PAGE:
....The Vedas, however, as expounded by those from within the tradition, can be seen as a clear mirror into mankinds psyche, a comprehensive vision of life in all its depth and intricacy. Those ancient texts chart remarkable insights into the workings of the universe that provide a basis for in depth instructions on how to align ourselves with those workings to participate in the oneness of all life. The great archetypal ideas that were to surface again and again in the worlds religions and philosophies are here envisioned in seed form: Heaven and Earth as parents, the sun and moon as fosterers of life and light, bull and cow as generators, water and fire as purifiers. The profound ideas of cosmic order, duty and truth --- which were to form not only that extraordinarily rich tapestry that is Indian religion and thought but also that of all subsequent world civilisations and religions -- are here spelled out at the very dawn of modern time.
....The difference in scale between the Vedic and Christian worldview is nowhere better demonstrated than in their respective concepts of time. Christianity (In the beginning God created the heavens and the earth.) believes that the Divine uniquely favoured one ethnic group, the Jews, whose linear history incorporates the unique descent of the Divine in the form of one man -- Jesus -- who lived at one time in one place in order to be the sole saviour of the world for those who believe in Him. And too bad for all those who dont. In the Vedic view, such a concept of time and its connection with the claim for spiritual monopoly is extremely limited. Saviours, teachers and Enlightened beings come and go throughout all time and time itself is endless, a repetition of cycles of growth and decay that goes through all eternity. These cycles, known as Yugas, are named after the four of the sides of a die; they move from a high point -- Sat Yuga -- that is regarded and described as a Golden Age, through Silver and Copper ages to the Iron age -- Kali Yuga -- the time of universal darkness and ignorance when life is at it spiritual lowpoint. There are no prizes being offered for guessing where we are right now. But the compensation is that it can only get better. And the Yugas exist in a scale of time that is inconceivably different to the limited Christian concept. The time scale here is enormous and majestic. Calculated upon the length of a Sat Yuga, time shortens as purity decreases, until the Kali Yuga -- which is only one quarter of the Sat Yuga -- lasts a mere 432,000 years.Vedic time scales are, indeed, majestic bearing more of a kinship with those astronomy and geology than with tribal history.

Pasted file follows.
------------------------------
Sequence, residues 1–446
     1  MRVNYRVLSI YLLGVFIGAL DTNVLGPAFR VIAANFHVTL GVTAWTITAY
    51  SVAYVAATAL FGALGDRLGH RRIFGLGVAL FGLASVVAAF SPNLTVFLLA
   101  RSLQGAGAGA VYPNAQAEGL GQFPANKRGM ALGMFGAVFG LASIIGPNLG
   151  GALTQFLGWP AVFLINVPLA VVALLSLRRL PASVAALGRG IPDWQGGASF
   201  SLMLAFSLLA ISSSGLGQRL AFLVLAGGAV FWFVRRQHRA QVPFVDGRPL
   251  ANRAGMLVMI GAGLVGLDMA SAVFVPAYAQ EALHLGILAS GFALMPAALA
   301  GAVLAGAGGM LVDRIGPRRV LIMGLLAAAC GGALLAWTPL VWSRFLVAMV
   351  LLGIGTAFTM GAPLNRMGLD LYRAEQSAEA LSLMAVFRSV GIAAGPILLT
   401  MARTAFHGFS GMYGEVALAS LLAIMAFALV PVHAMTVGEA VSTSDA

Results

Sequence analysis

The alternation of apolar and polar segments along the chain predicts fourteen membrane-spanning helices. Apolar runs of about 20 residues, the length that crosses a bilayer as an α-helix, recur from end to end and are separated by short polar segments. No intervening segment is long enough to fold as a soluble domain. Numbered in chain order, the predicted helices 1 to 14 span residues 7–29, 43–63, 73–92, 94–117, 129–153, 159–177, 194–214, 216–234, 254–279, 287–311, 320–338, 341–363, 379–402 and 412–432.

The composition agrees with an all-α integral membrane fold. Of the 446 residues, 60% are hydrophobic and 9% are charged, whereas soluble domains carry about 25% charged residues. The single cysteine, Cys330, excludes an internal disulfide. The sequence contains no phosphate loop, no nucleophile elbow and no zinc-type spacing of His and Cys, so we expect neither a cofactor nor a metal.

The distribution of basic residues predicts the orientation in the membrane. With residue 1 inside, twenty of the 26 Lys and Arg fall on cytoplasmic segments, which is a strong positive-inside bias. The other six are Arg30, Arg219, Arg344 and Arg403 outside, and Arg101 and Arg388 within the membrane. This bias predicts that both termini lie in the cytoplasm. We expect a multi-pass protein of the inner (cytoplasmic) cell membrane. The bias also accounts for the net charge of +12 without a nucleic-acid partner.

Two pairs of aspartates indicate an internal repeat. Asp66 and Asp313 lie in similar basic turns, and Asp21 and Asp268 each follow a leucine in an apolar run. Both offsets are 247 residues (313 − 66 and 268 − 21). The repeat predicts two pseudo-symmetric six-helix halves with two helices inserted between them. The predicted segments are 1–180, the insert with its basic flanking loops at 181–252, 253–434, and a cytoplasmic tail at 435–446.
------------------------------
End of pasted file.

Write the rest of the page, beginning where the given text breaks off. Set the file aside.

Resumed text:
....The hymns of the Vedas, in which the Rishis sung of their visions, were later called shruti -- that which is heard -- as the revelations granted to those original Enlightened Sages were passed down in an unbroken oral tradition up to modern times. The language of this transmission was Vedic Sanskrit, said to be the perfect language in which the vibrations comprising the name of an object exactly mirror the vibrations of its physical form. For this reason, the Sanskrit word for poet -- kavi -- means literally maker; indicating that the appropriate chant correctly intoned has the power to create, rather than merely mimic, the processes of the world. Such a chant, drawn from the very wellspring of life, deep Consciousness itself, and imbued with the sympathetic resonances of the entire Cosmos could and should have the greatest power behind it.